And I once shamelessly reprinted an old AVENGERS novel (based on the original British TV series) around the same time that the remake with Uma Thurman came out. Somebody else did the official movie novelization.

Just to be super-sneaky, I used silhouettes of Steed and Emma on the cover, so you could imagine either the old actors or the new actors! :)

zarkon June 16 2014 04:14 PM

Re: Who starts a book tie in contract?
 
Quote:

Greg Cox wrote: (Post 9709534)
And I once shamelessly reprinted an old AVENGERS novel (based on the original British TV series) around the same time that the remake with Uma Thurman came out. Somebody else did the official movie novelization.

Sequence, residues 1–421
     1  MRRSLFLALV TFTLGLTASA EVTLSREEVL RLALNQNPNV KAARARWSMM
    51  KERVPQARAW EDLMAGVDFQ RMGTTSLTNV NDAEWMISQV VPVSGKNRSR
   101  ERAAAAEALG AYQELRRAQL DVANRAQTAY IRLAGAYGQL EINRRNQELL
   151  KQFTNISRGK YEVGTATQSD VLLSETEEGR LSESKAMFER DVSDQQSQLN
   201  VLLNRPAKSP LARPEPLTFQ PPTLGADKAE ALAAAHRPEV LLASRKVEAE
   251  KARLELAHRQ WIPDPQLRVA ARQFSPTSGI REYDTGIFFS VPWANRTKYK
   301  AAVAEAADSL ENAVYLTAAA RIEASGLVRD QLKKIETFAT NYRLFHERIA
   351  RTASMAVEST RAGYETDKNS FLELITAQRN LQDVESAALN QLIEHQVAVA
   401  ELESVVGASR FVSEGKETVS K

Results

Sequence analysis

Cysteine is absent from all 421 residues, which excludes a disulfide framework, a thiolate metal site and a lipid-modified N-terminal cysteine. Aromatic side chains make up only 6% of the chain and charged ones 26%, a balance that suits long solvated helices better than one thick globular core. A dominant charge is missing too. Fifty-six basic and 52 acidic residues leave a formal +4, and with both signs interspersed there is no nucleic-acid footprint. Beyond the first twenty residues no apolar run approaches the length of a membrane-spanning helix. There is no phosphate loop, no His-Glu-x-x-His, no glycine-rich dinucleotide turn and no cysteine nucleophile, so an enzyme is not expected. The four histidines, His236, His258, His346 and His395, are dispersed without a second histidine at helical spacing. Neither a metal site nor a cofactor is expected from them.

Just to be super-sneaky, I used silhouettes of Steed and Emma on the cover, so you could imagine either the old actors or the new actors! :)

I think people picking up the reprint ended up with the better part of the deal.

Best one I ever saw was this dvd for the Adam West batman movie, which was rereleased on the heels of one of the Nolan films. It's a fun film, but I suspect a few unwary buyers would have been rather shocked.

http://i.imgur.com/QOrsP8l.jpg

JD June 18 2014 04:06 AM

Re: Who starts a book tie in contract?
 
Wow, that is not the kind of cover you would expect for the Adam West movie.